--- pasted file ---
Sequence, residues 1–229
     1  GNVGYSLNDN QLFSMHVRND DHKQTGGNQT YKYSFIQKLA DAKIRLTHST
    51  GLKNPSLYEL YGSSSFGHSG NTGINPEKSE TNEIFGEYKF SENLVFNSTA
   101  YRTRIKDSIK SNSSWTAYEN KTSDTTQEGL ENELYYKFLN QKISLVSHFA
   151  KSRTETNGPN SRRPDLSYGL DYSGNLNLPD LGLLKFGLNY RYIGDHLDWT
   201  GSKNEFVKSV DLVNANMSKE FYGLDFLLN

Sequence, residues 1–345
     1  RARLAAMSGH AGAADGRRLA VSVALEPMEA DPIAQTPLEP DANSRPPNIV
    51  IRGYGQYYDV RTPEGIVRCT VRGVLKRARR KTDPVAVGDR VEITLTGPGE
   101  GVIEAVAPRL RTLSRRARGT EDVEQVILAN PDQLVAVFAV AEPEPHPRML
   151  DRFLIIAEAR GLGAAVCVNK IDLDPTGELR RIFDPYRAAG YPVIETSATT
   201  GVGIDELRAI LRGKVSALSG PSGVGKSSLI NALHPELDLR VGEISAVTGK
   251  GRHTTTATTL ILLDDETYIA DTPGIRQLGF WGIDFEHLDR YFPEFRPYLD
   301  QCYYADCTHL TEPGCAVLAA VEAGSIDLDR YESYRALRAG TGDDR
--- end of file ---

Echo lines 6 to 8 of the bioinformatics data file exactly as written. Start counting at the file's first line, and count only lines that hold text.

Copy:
   201  GSKNEFVKSV DLVNANMSKE FYGLDFLLN

Sequence, residues 1–345
     1  RARLAAMSGH AGAADGRRLA VSVALEPMEA DPIAQTPLEP DANSRPPNIV